So, where possible, I related the pictures that I'd gone to to contemporary works, to Jeffrey Smart or to Francis Bacon, or Picasso, but he got left out, so... (Laughter) Yes. You mentioned briefly in your book your decision to give up your own art practise when your children started to arrive. You seem to have no regrets. I'm just wondering, do you have any regrets and do you have any advice for women negotiating that time of their life their own practise? of how to maintain their own practice? Yeah, it is a really difficult one and I know it doesn't affect most - all women in the same way. But in my case, I know that the emotional energy that was going into painting, when I started having children, the emotional energy was going there. And there just wasn't any left for the painting. Now, I know that doesn't apply to all women, it just doesn't. Lots of women artists have continued with their career and have had children. A lot of them, of course, haven't. Magaret Preston, Grace Cossington Smith Fiona Hall, a lot of these women - Bea Maddock - they've never had children.

And it really is hard, I think. I don't know what the answer is. And I don't - wherever the person who asked the question is - I don't know what the answer is. But there's just a story that I heard that a friend told - he was one of the lecturers at the Royal College of Art - and he went to visit Barbara Hepworth and he said he went into her studio and she was sanding a large marble and he said the room was just a thick haze of marble dust,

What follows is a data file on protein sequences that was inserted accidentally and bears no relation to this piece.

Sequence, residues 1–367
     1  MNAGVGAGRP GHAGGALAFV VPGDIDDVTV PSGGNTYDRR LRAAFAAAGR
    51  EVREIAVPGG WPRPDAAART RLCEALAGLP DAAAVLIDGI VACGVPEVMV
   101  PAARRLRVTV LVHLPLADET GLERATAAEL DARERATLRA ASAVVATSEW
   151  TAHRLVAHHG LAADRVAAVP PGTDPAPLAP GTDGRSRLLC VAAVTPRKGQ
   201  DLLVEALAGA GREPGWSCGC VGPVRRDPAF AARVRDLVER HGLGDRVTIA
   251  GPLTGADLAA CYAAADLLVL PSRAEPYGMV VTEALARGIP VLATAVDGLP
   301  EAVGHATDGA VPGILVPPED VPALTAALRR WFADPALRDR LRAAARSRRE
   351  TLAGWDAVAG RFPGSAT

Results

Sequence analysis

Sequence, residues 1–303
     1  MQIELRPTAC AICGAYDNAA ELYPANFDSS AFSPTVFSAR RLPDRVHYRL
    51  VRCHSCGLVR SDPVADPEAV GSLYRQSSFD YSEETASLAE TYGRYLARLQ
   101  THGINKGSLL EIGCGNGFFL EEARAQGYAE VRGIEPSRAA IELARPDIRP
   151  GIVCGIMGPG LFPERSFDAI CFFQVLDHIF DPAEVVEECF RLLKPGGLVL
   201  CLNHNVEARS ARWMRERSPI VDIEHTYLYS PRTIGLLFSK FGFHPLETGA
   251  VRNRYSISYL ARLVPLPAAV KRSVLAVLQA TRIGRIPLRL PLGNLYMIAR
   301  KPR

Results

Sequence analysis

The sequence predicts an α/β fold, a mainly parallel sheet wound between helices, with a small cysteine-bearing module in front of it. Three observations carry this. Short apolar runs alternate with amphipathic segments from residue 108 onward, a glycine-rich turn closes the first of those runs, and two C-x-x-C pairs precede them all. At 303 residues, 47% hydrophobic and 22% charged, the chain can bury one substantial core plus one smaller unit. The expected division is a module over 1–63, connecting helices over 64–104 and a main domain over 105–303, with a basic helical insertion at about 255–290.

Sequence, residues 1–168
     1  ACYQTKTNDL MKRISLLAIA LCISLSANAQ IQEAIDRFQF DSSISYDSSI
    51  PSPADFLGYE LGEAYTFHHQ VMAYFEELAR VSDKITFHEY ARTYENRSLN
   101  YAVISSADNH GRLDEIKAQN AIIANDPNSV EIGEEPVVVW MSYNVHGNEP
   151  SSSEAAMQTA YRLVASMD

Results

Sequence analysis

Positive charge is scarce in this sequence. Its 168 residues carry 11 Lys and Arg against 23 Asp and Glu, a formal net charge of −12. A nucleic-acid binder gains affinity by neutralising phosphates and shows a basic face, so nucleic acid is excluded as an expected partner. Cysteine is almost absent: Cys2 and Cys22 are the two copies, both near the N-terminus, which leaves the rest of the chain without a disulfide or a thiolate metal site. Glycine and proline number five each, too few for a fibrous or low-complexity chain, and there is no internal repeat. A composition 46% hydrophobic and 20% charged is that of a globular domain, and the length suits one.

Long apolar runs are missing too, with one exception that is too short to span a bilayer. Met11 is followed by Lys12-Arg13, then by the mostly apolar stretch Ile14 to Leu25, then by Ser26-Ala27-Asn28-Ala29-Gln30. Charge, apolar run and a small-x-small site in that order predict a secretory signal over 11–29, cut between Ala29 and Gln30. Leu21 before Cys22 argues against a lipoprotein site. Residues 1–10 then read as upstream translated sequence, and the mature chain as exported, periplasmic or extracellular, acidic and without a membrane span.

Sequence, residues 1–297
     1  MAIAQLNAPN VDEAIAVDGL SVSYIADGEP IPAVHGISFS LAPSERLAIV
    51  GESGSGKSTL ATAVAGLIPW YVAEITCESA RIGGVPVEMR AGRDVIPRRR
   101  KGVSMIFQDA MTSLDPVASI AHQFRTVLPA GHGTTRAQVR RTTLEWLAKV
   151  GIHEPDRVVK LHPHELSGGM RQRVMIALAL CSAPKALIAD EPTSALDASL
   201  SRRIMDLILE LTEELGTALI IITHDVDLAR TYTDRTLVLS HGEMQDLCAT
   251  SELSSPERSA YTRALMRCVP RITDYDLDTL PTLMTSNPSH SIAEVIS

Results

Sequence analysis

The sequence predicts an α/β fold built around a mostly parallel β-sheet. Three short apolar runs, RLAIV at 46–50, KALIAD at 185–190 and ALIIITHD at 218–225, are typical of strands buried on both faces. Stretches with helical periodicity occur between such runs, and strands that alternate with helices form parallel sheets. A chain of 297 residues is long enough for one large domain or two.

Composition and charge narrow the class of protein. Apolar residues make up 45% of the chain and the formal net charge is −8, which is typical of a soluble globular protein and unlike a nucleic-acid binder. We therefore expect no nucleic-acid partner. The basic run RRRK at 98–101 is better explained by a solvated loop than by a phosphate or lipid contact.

and he could hear this mewling noise which he thought was a kitten but so she turned off her sander and the marble dust gradually settled and it was a baby in a bassinet. (Laughter) Closed Captions by CSI THEME MUSIC We're about to witness one of most mysterious wonders on earth. It's the largest work of art in the world. So vast, in fact, that you can only see it from the sky and it's even been suggested it was made by aliens. The Nazca Lines, high up on a plateau in Pampas de Jumana, Peru, images carved into the very ground of the pampas. These pictures are huge but they're not visible or even apparent from the ground. You have to take to the air in a balloon, plane or helicopter

to see these dramatic shapes. They must be some kind of message but it's a message we can't understand. This extraordinary figure, thought to be an astronaut by some, who is he waving to? What does all this mean? The whole landscape is criss-crossed by puzzlingly straight lines. They go everywhere for mile upon mile upon mile. It's like flying over an airfield. How were these huge designs laid in the landscape up to 2,000 years ago by a people whose history is now lost?

Back down to earth, all over the terrain are reddish boulders brought here through the action of glaciers thousands and thousands of years ago. The Nazcas moved the stones to expose the gypsum underneath, creating a different texture a different colour to the boulder-strewn land around, a simple but brilliant manipulation of the landscape. The lines have survived centuries because Nazca is one of the driest places in the world and its remoteness has saved these fragile works

from the destructive tendencies of modern man. But the mystery surrounding these astonishing creations remains. What could they have been for? Why on this vast scale? How could the artists have seen their finished masterpieces? Closed Captions by CSI